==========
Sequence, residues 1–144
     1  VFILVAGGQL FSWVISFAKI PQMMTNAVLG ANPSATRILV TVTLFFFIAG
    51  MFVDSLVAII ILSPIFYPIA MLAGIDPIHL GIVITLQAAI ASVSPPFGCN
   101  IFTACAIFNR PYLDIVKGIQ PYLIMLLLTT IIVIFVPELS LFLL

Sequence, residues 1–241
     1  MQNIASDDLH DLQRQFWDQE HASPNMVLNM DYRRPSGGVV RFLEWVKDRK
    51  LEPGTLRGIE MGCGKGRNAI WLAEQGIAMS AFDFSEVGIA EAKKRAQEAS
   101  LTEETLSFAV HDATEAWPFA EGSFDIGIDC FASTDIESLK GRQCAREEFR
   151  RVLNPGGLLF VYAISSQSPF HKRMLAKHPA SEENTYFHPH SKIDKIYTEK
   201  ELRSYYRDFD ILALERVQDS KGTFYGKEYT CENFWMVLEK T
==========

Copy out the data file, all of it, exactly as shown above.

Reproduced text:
Sequence, residues 1–144
     1  VFILVAGGQL FSWVISFAKI PQMMTNAVLG ANPSATRILV TVTLFFFIAG
    51  MFVDSLVAII ILSPIFYPIA MLAGIDPIHL GIVITLQAAI ASVSPPFGCN
   101  IFTACAIFNR PYLDIVKGIQ PYLIMLLLTT IIVIFVPELS LFLL

Sequence, residues 1–241
     1  MQNIASDDLH DLQRQFWDQE HASPNMVLNM DYRRPSGGVV RFLEWVKDRK
    51  LEPGTLRGIE MGCGKGRNAI WLAEQGIAMS AFDFSEVGIA EAKKRAQEAS
   101  LTEETLSFAV HDATEAWPFA EGSFDIGIDC FASTDIESLK GRQCAREEFR
   151  RVLNPGGLLF VYAISSQSPF HKRMLAKHPA SEENTYFHPH SKIDKIYTEK
   201  ELRSYYRDFD ILALERVQDS KGTFYGKEYT CENFWMVLEK T